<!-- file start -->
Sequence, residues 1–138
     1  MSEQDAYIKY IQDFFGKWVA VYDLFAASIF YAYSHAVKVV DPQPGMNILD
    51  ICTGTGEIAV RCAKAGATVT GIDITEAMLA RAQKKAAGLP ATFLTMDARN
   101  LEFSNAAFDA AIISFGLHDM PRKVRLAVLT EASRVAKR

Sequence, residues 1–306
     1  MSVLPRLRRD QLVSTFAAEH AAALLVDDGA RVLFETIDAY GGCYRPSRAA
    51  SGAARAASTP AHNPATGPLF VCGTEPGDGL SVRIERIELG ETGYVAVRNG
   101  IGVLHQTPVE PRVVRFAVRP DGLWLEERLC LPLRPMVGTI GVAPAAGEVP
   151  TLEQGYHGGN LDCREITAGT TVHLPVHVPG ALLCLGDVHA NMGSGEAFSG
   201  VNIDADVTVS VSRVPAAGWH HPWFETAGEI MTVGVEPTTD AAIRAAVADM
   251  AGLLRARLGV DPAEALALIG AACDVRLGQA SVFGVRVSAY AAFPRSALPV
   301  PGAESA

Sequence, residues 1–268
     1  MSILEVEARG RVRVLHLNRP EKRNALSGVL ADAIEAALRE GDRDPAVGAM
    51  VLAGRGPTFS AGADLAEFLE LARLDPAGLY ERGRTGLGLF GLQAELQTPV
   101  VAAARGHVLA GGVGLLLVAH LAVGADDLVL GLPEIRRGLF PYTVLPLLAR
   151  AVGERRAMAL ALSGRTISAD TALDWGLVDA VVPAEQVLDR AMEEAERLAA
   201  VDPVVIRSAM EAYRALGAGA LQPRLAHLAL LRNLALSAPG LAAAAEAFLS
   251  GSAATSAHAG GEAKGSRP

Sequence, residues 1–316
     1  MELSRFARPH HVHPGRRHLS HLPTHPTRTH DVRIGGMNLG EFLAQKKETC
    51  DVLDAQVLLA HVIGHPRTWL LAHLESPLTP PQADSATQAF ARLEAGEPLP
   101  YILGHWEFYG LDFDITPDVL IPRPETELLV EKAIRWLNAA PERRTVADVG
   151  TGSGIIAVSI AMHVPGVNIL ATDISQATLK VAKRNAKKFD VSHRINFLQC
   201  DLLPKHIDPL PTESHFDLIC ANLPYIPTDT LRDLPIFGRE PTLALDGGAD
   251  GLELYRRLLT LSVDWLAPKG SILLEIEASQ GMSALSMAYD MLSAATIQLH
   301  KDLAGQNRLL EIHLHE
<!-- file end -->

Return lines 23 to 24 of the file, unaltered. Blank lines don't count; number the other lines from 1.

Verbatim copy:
   101  YILGHWEFYG LDFDITPDVL IPRPETELLV EKAIRWLNAA PERRTVADVG
   151  TGSGIIAVSI AMHVPGVNIL ATDISQATLK VAKRNAKKFD VSHRINFLQC